“I’ll never raise a picky eater,” said every mom who now has a picky eater on their hands. What’s a parent to do? First, realize it is not just your toddler. Maybe your sister’s neighbor’s toddler loves broccoli, but that isn’t everyone and – surprise – toddler’s tastes change so broccoli could be a favorite today, but next week, that tiny green tree is on the floor. See ya, broccoli!
This is the age where your toddler is starting to develop food preferences. Don’t give up hope just because this week your child only wants grilled cheese. This isn’t the way it will always be. Variety and consistency are the key to toddlers who are picky eaters.
Here are our tips to minimize the drama at meal time, and make sure your little one gets proper nutrition:
- Consistently expose them to nutritious foods
It can take up to 15 times before a child accepts a new food. Don’t get discouraged. Stay consistent with trying new foods and they will likely try it.
- Serve one meal for the family
When having one meal for the family becomes the routine, kids know what to expect and adjust. Bargaining, being overly accommodating and being too pushy can backfire and usually only offer temporary relief.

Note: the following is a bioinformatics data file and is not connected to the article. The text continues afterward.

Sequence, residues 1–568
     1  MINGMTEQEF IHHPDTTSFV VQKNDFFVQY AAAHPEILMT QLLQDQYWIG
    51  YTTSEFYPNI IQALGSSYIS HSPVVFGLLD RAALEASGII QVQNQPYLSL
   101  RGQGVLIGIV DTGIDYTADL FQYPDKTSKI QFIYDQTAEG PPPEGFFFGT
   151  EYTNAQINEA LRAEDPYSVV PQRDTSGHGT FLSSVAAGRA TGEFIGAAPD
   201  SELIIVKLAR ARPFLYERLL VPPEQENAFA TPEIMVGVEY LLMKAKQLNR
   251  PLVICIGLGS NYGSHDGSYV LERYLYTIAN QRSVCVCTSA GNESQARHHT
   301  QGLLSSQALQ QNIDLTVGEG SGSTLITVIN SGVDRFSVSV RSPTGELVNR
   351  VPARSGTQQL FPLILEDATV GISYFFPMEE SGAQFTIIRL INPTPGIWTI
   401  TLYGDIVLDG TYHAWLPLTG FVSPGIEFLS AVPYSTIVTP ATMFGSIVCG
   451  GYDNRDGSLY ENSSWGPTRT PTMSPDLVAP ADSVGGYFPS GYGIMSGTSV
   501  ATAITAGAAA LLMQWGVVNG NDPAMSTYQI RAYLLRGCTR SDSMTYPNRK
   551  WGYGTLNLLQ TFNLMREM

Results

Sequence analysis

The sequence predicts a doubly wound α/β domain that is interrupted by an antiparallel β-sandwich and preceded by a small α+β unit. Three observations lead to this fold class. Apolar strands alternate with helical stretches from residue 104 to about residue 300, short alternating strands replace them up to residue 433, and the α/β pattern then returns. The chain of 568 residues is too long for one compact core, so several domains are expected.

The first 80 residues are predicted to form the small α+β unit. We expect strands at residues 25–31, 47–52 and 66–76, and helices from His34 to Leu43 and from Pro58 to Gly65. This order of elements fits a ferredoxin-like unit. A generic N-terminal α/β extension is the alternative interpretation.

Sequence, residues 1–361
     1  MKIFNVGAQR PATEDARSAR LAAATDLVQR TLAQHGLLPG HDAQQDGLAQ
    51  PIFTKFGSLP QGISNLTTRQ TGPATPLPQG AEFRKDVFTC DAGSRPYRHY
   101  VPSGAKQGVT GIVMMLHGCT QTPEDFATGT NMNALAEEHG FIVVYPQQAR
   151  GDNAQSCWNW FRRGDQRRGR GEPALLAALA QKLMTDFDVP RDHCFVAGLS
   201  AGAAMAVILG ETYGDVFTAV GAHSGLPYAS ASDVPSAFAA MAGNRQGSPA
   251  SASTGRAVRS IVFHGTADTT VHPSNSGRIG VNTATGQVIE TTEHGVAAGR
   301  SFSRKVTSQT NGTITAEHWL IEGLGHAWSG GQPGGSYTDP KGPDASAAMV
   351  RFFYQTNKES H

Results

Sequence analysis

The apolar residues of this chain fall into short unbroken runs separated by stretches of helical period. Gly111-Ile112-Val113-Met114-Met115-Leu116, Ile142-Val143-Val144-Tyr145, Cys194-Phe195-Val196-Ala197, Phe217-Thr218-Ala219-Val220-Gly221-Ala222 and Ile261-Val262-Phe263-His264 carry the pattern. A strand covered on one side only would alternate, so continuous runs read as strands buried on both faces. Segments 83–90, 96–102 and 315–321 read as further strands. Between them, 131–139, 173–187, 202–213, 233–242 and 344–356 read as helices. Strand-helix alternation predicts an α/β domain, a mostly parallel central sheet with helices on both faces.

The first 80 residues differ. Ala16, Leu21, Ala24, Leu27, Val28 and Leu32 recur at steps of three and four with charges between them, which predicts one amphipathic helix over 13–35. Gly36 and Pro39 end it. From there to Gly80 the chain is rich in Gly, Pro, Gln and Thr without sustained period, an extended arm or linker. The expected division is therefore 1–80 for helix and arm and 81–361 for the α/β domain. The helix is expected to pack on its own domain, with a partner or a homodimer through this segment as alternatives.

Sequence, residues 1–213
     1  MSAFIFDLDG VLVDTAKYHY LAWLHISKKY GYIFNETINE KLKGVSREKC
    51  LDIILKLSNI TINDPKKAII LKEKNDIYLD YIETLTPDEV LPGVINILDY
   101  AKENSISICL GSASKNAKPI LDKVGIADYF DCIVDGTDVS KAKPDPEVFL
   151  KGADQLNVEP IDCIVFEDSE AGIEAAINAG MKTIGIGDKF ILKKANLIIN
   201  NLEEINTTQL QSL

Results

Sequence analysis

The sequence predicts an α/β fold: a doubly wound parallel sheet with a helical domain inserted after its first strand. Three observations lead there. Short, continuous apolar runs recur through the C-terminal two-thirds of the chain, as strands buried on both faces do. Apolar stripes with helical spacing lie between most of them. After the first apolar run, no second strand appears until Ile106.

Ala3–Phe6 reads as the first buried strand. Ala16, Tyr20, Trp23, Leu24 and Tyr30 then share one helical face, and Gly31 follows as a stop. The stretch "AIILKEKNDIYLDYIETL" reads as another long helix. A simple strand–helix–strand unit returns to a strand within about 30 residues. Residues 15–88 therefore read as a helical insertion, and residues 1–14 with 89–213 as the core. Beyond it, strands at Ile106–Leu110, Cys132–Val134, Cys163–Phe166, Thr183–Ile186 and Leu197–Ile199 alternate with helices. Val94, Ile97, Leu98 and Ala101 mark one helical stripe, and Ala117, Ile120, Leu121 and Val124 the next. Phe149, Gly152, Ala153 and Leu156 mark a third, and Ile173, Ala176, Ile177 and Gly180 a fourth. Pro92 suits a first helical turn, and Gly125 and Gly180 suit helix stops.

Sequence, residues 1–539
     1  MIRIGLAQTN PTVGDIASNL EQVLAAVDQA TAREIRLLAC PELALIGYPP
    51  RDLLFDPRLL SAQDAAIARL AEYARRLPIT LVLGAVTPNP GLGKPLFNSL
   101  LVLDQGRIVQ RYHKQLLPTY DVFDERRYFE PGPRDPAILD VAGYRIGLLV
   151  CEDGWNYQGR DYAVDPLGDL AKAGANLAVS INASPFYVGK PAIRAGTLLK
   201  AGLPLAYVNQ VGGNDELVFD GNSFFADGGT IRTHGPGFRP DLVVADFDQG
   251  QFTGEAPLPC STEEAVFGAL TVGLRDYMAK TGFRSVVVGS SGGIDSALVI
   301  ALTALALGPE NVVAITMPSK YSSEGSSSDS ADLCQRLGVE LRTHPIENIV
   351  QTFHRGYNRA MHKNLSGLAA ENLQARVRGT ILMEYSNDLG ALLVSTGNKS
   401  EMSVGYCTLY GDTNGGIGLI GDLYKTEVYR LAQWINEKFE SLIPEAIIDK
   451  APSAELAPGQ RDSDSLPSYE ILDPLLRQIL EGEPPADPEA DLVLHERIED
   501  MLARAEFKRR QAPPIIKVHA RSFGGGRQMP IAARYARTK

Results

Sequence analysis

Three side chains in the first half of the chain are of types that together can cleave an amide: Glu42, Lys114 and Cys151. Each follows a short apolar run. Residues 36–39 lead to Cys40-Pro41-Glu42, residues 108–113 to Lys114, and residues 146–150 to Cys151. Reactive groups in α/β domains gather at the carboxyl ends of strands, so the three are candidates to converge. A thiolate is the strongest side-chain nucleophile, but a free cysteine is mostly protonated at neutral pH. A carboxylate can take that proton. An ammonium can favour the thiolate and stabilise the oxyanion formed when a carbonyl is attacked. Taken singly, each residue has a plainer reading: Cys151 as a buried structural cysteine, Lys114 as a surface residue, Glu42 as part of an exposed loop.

Not just in the foods you eat, but the way you eat them. Maybe raw broccoli wasn’t a hit, but maybe steamed with a sauce on top is. Hiding vegetables in different foods was invented by toddler parents (we don’t have proof, but it had to be), so get creative!
- Watch beverages
Too much milk may make your child feel full when it’s time to eat. Milk is good for your child, but only two to three cups a day, otherwise, they won’t feel hungry and will miss out on other important nutrients.
- No TV or cell phones
We know this is tough with our attachment to devices and the peace a little TV time can bring. But, without the distractions, meal time happens faster and let’s them know it is time with you!
It can take a little time and effort to build healthy eaters, but the nutrition they receive from having healthy foods at every meal will help them grow into healthy big kids with good eating habits. For more, check out this video from the American Academy of Pediatrics. And remember, if you have any concerns about your child’s health or nutrition, talk to your doctor.